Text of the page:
There is a couple of billion dollars in the bond for water storage purposes.  But to complete these big projects, there is going to have to be federal funding as well, and I just don’t know how that’s going to work out.  The political reality is it is going to be very difficult.  I think initially smaller, local water projects are going to be easier to get done.

I feel the same way about the Delta tunnel projects that are being talked about.  That is one of those large scale concepts that is going to be difficult to get done.  It is going to be tied up in lawsuits for a very long time.  I think smaller, localized projects will have a much better chance of success.

 

When you came into the Legislature three years ago, it was very partisan and seemingly very difficult to get across the aisle cooperation.  Has that remained the case?

When I got here, people did tell what I should expect, which was a government divided.  But things have changed.  Many of my best friends are Republicans and we do work together on many different issues.  Sure there are some ideological differences, as there should be, but there does seem to be much more bipartisan cooperation than there used to be.  We are meeting in the middle on many issues.  The Water Bond is a great example.  We got 70 votes with only two votes against it—one Democrat and one Republican.

 

Many people have pointed to the passage of the Open Primary proposition as the reason there is more cooperation, arguing that elected officials are more toward the center then they used to be.  Do you think that’s true?

I’ve heard that, but I do not know if it’s true.  I’m a political scientist and I’d like to see the data on that before I am convinced that is what is happening.  I think you’d have to look at how people vote over a five-year period or so to see if they are more moderate.

The other factor that happened at about the same time was the expansion of the term limit.  I think that has had a much bigger impact.  That has created a behavioral change because you are going to be here for a much longer period working with the same people across the aisle for as long as 12 years.  It makes sense that you try to get along and reach compromises.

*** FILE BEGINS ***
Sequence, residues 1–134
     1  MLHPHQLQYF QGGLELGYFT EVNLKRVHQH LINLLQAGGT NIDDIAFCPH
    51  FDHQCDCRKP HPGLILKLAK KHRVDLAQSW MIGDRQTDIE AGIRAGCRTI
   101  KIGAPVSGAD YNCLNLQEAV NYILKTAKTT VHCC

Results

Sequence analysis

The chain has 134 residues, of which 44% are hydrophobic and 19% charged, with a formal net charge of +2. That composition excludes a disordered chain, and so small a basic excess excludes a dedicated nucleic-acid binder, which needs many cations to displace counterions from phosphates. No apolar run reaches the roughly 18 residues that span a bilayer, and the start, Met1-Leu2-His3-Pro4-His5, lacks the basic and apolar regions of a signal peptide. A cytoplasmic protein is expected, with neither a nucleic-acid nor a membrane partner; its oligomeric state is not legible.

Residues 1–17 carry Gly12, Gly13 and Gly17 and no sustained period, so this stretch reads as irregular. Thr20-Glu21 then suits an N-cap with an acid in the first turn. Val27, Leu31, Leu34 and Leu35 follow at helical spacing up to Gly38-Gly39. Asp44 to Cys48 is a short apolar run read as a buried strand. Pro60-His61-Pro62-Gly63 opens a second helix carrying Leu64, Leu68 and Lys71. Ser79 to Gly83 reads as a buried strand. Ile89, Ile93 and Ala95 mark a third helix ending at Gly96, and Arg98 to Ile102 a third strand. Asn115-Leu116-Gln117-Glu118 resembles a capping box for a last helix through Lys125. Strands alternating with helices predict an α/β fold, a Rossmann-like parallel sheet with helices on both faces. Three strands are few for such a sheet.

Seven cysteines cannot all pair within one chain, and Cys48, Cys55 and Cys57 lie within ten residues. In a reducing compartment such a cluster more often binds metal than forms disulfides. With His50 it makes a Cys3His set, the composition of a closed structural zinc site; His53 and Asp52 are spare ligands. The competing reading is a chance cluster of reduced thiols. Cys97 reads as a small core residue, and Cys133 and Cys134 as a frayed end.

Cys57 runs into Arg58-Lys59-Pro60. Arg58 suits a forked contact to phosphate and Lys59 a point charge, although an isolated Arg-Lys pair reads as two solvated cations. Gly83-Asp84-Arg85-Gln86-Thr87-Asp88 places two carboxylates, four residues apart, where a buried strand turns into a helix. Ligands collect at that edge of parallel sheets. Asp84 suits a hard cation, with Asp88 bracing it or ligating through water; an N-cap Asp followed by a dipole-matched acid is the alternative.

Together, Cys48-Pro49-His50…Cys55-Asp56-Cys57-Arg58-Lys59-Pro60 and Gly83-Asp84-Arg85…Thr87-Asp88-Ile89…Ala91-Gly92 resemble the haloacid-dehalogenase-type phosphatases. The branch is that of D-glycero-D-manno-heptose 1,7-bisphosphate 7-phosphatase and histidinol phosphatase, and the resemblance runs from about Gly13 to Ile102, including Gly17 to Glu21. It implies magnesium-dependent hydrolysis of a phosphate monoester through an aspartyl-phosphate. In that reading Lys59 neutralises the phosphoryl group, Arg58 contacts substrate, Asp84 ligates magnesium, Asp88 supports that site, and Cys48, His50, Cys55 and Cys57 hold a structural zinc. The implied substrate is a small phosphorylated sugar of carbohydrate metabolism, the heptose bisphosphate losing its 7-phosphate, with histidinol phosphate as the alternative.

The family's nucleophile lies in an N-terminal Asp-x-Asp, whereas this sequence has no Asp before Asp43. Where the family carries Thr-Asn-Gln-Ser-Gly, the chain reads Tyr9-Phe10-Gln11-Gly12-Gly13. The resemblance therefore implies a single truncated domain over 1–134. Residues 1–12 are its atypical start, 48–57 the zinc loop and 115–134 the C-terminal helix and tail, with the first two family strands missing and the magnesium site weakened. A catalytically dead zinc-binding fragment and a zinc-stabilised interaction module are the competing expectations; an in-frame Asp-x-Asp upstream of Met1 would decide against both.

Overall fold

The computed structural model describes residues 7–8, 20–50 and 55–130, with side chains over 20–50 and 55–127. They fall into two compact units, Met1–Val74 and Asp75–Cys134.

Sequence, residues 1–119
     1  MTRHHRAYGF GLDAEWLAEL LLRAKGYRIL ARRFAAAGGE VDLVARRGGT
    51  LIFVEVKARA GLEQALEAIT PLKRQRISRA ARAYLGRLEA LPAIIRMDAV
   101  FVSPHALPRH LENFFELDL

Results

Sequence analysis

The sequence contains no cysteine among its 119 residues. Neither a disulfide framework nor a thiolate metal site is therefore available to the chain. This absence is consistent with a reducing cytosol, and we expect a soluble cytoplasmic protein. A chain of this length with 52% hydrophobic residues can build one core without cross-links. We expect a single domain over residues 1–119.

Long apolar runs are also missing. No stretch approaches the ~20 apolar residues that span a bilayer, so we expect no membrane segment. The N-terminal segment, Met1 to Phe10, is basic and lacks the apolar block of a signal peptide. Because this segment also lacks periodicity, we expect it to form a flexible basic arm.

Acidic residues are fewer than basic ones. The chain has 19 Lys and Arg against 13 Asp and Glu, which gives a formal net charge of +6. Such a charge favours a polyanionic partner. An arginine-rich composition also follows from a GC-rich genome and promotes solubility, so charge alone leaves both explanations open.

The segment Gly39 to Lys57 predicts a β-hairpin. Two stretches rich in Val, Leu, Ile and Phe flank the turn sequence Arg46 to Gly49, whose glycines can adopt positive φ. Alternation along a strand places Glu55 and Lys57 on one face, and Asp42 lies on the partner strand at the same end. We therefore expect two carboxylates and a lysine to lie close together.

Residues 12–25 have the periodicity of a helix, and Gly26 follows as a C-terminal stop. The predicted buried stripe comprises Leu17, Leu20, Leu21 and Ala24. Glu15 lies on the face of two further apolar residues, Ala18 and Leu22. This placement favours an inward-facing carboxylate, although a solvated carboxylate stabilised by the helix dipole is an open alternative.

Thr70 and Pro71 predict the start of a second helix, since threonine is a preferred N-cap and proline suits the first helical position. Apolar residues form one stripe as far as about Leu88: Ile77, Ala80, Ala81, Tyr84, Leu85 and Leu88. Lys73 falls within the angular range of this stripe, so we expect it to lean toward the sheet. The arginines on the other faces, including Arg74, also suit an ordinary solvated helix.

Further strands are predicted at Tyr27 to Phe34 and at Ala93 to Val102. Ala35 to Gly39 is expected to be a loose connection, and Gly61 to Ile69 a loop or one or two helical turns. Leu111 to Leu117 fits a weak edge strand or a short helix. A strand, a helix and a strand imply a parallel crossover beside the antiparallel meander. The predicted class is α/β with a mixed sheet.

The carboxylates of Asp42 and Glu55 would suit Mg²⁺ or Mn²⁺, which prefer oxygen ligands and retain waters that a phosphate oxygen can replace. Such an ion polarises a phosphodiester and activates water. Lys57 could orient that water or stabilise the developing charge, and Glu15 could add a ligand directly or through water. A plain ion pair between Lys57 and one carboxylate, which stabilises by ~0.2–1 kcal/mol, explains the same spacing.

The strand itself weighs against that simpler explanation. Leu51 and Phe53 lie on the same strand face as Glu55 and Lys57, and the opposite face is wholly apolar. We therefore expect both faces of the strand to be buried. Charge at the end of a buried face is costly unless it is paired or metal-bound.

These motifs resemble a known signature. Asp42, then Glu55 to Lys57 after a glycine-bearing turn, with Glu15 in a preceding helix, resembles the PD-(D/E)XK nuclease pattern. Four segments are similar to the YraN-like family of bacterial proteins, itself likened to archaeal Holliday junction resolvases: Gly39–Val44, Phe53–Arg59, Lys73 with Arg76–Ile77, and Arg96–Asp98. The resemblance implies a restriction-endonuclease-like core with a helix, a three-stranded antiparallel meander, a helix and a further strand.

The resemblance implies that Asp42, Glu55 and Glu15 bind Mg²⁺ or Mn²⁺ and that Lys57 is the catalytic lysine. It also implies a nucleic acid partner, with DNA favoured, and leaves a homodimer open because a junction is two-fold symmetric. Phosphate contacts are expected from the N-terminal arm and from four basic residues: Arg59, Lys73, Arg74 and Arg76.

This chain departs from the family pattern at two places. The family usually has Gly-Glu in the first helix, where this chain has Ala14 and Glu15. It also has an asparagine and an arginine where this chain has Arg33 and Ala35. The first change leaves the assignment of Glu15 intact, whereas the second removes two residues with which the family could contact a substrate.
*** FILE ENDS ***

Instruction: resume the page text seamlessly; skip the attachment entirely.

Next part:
Because of urbanization and less connection to the land, the agriculture industry believes it has lost some of the connections that were there in years gone-by.  Does agriculture have much clout in the Legislature?

Agriculture has significant clout.  When we were talking about hearings on the Water Bond, we held them all over the state.  We did that because many legislators from these rural areas and from all around the state advocated that we hear from their agricultural constituents.  We held 16 public hearings all over the state.  We were in Hanford, Modesto, Fresno and Shasta.  Members (of the Assembly) wanted us to get input from their constituents.  There is a significant amount of clout in the agricultural world.

 

You are now the Speaker of the Assembly, which is a powerful leadership position.  Do you have future political aspirations?

I have not thought about that at all.  Because of the possibility of a 12-year term, I suspect that this is where I will be for the next nine years.  I have not thought beyond that, but I suspect I will go back to the non-profit sector.  I do not expect to be a politician for my entire career.

 

Our members produce some of the finest fruits, vegetables and nuts in the world, do you consume our products and do you have a favorite?

I definitely do.  When I was a kid we had a plum tree in our yard and I used to live off those plums.  Today, I am a big fan of Korean barbecue and all the vegetable side dishes that come with it.